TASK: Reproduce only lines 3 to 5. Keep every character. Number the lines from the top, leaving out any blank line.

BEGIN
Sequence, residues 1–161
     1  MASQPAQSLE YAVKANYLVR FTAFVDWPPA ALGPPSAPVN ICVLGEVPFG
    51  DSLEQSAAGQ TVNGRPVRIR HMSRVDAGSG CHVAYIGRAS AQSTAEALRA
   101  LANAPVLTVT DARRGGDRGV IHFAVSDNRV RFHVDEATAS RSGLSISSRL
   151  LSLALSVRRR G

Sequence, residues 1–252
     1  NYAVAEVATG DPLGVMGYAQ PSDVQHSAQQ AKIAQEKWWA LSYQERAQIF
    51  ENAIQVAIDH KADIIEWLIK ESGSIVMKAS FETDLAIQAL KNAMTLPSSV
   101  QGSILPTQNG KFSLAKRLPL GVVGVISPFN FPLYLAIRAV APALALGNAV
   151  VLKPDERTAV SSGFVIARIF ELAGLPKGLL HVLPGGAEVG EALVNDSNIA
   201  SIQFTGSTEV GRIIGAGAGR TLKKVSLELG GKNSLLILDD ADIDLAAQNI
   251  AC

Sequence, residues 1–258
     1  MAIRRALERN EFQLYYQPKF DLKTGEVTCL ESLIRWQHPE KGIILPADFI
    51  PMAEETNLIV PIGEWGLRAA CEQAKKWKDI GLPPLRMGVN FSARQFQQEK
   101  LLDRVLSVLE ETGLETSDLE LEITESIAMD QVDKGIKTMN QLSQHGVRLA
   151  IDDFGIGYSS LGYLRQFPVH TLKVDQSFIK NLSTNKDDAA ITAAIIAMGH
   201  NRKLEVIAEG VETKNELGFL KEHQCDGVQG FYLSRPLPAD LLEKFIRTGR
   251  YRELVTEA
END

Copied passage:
    51  DSLEQSAAGQ TVNGRPVRIR HMSRVDAGSG CHVAYIGRAS AQSTAEALRA
   101  LANAPVLTVT DARRGGDRGV IHFAVSDNRV RFHVDEATAS RSGLSISSRL
   151  LSLALSVRRR G